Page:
EFL Championship 2019/20: Birmingham City vs Nottingham Forest – tactical analysis
Saturday’s round of EFL Championship fixtures saw fourth-placed Nottingham Forest travel to the St. Andrew’s Trillion Trophy Stadium looking to extend the gap from dropping out of the playoffs. In their way was Pep Clotet’s, 18th-placed Birmingham City, who were five games without a defeat in all competitions.
The resulting three points for Blues in the 2-1 victory saw the home side rise to 17th in the Championship table, whereas defeat for Sabri Lamouchi’s side saw Forest remain fourth with a four-point gap ahead of seventh.
This tactical analysis will break down the clash between the two sides, highlighting key tactics used by both outfits and using analysis to show had they had an impact on the game’s outcome.
Following the 0-0 draw with Coventry City in the FA Cup, Blues persisted with the formation that Clotet had deployed in five of the ten games before Forest’s visit. Opting for a 4-4-2, Birmingham’s Spanish gaffer has also shown a preference to a 4-2-3-1 and on occasion, a 4-4-1-1. In terms of personnel, three changes were made from the stalemate with the Sky Blues. Ivan Sujnic, Jefferson Montero and Kerim Mrabti were switched for Gary Gardner, Jeremie Bela and Scott Hogan.
In the away side’s dugout, Sabri Lamouchi also stuck with the same formation that he deployed in his side’s previous outing. The midlands outfit opted for a 4-2-3-1 as they had done in the 1-0 victory away to Brentford. In fact, Lamouchi had only deterred from the starting formation on one occasion in the previous ten games. Choosing a 4-4-2 in the 2-0 defeat to Chelsea. Only one change was made in the starting lineup, with Samba Sow making way for Ryan Yates.
Birmingham’s compact defensive line
To prevent Nottingham Forest from being able to play through Blues’ defensive line, the home side used a tactic of keeping the defensive line in the back four as compact as possible. To complement this lateral compactness, Clotet also used longitudinal compactness to remain tight at the back. This being seen in how the midfield four dropped tight to the defensive four when out of possession.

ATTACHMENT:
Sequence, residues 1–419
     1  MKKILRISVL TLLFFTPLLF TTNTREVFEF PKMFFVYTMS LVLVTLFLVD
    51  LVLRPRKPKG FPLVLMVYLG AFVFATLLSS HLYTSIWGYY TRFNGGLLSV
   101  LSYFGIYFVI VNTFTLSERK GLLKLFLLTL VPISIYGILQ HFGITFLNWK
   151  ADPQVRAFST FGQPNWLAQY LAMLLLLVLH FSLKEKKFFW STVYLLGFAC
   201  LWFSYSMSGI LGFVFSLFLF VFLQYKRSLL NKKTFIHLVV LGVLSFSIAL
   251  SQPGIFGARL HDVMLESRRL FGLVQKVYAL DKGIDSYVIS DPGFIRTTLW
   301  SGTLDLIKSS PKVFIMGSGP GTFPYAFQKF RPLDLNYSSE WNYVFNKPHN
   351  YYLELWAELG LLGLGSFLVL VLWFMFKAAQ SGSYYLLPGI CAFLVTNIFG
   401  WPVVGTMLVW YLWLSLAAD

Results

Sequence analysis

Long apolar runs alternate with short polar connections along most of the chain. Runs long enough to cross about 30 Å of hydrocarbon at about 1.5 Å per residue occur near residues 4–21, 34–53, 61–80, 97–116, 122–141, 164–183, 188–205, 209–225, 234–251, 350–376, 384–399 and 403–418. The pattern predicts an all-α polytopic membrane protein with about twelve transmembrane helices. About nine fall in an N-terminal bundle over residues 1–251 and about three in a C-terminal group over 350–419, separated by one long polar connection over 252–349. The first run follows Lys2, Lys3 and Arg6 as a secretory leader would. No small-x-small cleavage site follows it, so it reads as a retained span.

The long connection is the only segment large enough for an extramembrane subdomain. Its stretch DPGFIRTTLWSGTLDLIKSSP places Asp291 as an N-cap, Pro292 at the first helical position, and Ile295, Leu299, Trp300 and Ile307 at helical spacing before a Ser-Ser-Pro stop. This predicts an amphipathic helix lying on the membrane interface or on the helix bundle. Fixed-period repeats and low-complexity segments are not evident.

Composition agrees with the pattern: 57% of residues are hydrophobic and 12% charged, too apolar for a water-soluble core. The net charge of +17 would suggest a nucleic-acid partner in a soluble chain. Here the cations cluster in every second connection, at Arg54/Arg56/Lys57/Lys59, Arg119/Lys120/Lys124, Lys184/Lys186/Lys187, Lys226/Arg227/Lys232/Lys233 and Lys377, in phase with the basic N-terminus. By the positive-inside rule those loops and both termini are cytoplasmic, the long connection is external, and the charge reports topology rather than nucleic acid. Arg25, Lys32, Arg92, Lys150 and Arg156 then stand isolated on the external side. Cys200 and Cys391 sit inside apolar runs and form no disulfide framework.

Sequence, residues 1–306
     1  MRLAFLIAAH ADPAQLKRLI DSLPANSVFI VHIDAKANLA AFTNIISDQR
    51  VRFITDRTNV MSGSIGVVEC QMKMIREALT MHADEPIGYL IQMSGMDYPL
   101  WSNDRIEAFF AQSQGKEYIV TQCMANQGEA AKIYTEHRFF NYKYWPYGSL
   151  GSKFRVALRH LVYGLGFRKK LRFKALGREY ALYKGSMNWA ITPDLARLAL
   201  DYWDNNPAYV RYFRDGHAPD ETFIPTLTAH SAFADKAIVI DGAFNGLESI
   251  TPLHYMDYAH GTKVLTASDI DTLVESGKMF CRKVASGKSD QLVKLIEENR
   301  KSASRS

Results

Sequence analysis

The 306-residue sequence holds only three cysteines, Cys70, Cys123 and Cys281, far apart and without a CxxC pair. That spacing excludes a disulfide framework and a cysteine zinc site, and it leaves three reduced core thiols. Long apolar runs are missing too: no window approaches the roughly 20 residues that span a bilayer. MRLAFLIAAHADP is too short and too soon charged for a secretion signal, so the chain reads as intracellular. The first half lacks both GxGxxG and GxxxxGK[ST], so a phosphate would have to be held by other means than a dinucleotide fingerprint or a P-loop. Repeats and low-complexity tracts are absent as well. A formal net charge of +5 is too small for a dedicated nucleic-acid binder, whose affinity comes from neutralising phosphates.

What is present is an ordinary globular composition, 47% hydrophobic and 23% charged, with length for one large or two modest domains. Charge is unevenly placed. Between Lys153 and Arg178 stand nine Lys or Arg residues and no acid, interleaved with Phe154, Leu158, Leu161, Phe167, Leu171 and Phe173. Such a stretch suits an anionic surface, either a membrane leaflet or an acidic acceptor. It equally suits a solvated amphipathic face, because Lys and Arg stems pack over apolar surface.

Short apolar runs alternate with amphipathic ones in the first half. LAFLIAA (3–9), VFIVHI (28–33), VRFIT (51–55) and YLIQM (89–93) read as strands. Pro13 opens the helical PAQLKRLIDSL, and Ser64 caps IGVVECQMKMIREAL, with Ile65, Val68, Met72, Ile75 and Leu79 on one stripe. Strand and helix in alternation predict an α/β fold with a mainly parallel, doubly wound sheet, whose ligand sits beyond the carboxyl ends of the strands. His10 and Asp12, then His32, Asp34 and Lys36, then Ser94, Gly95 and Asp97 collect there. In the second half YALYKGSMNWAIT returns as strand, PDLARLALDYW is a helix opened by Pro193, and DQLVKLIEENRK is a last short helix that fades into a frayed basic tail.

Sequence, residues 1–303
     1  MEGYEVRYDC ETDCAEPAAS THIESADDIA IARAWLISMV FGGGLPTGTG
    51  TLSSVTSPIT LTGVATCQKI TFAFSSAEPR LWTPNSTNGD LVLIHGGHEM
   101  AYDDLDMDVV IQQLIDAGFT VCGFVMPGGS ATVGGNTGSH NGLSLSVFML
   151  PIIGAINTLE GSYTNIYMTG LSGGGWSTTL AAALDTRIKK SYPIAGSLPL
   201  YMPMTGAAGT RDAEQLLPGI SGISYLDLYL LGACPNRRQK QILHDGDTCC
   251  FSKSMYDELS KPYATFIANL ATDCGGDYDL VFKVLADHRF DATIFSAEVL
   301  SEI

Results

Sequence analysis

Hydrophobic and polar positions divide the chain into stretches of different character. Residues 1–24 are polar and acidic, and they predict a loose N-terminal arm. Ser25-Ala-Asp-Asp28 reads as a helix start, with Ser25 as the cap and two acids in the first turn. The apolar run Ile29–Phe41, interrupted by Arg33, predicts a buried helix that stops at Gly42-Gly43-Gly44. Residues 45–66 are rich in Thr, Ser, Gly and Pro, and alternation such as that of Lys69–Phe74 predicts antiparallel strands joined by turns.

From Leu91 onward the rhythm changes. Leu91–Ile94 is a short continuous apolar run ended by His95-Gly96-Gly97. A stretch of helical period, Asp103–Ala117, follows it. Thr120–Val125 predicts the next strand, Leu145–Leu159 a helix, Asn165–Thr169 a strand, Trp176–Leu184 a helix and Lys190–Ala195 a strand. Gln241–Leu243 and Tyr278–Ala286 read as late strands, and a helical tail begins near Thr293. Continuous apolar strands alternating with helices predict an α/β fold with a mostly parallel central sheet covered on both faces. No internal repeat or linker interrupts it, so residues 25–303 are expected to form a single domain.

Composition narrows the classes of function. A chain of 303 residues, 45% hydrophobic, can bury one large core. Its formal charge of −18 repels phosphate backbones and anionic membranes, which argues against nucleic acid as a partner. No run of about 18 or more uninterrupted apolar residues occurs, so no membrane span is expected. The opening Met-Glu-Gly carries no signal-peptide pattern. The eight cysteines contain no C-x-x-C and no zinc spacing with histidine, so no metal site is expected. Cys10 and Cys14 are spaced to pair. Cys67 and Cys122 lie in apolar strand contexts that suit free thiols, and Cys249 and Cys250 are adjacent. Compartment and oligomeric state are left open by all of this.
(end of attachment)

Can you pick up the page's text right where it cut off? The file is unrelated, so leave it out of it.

As can be seen in this annotation, when Forest attacked, the Birmingham City backline would become tightly compact laterally, while the midfield would drop just in front of the back four and also keep themselves compact. This was designed to force Lamouchi’s side wide and keep the side difficult to play through, which can be seen to have worked here.
Again, another example of Blues’ defensive compactness can be seen here, with Forest’s possession of the ball having been forced out wide due to the difficulty in playing through the lines. The difficulty in playing through the lines occurs due to closeness between defensive players who can easily intercept a through pass, aiding in the home side boasting an impressive 45 interceptions, compared to Forest’s 33. This lateral and longitudinal compactness led to the away side having 11 shots in total, only three of which were on target and five from outside of the 18-yard box.
A tactic which led to the away side finding the most success against Birmingham’s compact backline was the speed of their counterattack. When the ball was won back in their own half by the visitors, when the opportunity arose, they would quickly and intensely attack Blues’ half, this being intended to limit the time in which City could transition into their compact defensive structure.
As can be seen in this annotation, is the build-up to Nottingham Forest taking the lead. With a quick and lofted ball forward making its way to Joe Lolley, he then looks to move the ball on again as quickly as possible to the onrushing Tiago Silva. With just one defender behind the ball the away side execute their counterattack to perfection and Forest make the speed of their attack count by opening the scoring.